The architects who have re-designed Chicago's new Children's Museum are clearly great fans of Lewis Carroll. Why else would they come up with a structure that is as hidden as a rabbit hole?
Friends of open park lands have repeatedly pointed out that the Illinois Supreme Court long ago held that the city's lakefront had to be kept free of buildings and obstructions. It's open land, parks and green space, so you can't plunk a pile of bricks and mortar where those with clout would like to plunk said bricks.
Here you go, the latest revision: a children's museum that is so entirely underground that you won't even know it's there. How very pleasant for the little wee ones, to jump down the rabbit hole just like Alice. Will they be serving up tea with the Mad Hatter at four in the afternoon?
No structures, say those who are against the museum's proposed location. In that case, say the architects, we shall eliminate the skylights that were meant to bring in natural light to the subterranean burrow. The entrance pavilion leaves the park and moves out to the public sidewalk. No structures on the park's grassy turf, you see? Brilliant.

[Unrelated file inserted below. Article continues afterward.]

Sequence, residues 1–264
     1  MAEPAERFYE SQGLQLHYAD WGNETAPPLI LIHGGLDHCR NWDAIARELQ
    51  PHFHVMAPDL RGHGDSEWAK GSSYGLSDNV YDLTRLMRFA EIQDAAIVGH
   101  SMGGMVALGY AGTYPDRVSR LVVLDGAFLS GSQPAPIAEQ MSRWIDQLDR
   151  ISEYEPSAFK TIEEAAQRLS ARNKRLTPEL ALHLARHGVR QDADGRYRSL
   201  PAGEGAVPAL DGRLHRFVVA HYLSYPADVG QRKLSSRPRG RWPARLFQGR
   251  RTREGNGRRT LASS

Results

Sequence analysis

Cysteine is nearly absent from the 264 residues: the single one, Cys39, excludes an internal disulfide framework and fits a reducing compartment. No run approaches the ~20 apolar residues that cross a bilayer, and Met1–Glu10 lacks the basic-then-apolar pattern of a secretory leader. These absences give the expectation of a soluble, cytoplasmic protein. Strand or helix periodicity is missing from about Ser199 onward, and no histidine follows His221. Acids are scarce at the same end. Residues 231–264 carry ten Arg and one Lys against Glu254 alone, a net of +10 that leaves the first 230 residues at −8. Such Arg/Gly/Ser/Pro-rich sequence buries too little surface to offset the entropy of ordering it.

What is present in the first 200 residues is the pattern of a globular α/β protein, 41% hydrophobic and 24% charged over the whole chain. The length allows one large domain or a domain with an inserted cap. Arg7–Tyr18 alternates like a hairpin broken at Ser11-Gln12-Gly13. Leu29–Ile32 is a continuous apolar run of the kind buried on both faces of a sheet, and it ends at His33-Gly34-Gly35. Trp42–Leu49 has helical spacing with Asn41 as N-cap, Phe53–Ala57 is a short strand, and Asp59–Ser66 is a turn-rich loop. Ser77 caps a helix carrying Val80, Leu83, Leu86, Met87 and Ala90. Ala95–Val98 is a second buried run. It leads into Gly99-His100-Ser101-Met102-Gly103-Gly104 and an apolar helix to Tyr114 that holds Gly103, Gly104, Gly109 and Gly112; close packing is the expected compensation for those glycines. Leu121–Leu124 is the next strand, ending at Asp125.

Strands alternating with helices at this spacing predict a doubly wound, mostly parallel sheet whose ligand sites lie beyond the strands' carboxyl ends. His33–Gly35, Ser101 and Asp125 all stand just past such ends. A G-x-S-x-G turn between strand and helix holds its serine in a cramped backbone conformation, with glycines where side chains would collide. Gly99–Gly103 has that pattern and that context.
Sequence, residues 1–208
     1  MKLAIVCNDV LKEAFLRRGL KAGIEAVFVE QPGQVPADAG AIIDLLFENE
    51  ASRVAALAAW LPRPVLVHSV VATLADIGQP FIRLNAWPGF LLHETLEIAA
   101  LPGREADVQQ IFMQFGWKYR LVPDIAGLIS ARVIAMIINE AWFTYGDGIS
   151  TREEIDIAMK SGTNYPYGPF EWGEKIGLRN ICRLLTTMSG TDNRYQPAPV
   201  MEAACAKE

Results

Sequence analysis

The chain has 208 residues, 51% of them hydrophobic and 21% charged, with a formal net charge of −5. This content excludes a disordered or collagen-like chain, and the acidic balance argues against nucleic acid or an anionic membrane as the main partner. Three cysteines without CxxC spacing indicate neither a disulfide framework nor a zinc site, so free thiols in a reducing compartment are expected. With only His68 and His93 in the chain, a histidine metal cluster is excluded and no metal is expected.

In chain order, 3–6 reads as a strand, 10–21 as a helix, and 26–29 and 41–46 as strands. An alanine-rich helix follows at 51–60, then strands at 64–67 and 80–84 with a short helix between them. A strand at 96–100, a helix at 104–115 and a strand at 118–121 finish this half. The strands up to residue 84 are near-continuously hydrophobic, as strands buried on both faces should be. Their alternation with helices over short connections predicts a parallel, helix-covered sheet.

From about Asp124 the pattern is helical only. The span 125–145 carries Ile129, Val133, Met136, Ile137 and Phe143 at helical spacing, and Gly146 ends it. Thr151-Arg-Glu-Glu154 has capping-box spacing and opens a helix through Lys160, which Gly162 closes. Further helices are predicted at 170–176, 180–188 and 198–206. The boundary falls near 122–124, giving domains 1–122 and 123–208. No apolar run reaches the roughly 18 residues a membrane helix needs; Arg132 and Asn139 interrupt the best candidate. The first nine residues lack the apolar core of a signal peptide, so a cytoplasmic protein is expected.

Not quite there yet, says Jonathan Fine of Preservation Chicago. Nothing obstructs the open views, but there was a bit more to the court ruling all those years ago. No obstruction can be built that is private, or that charges admission, or that is not dedicated for park purposes.
Where's the biggest stumbling block in that long list? It's the admission business. The Children's Museum will charge a fee, and that should keep those poor black kids from the ghetto out of the place. This is a museum for white kids whose parents can afford the cost of a ticket. Making the museum free to all comers would defeat the purpose of putting a posh kiddie attraction in a posh neighborhood.
There are plenty of other suitable locations for a children's museum in Chicago, sites that would not require the construction of Alice's Wonderland. The society doyennes, however, want their names plastered about in places where their friends can see those names, and that pretty much limits their desired location to Chicago's Millennium Park.
Perhaps a sixth revision is in order, one that includes a croquet field over the top of the rabbit warren. I'm sure the Lincoln Park Zoo could be called upon to provide the flamingos.